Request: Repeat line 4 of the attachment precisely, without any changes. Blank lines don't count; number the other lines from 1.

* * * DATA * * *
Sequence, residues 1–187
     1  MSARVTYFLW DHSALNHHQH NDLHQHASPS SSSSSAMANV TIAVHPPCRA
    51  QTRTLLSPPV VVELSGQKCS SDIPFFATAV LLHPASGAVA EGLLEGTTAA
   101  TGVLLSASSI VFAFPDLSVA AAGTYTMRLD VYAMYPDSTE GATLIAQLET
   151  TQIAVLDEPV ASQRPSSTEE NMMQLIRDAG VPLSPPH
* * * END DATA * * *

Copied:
   101  TGVLLSASSI VFAFPDLSVA AAGTYTMRLD VYAMYPDSTE GATLIAQLET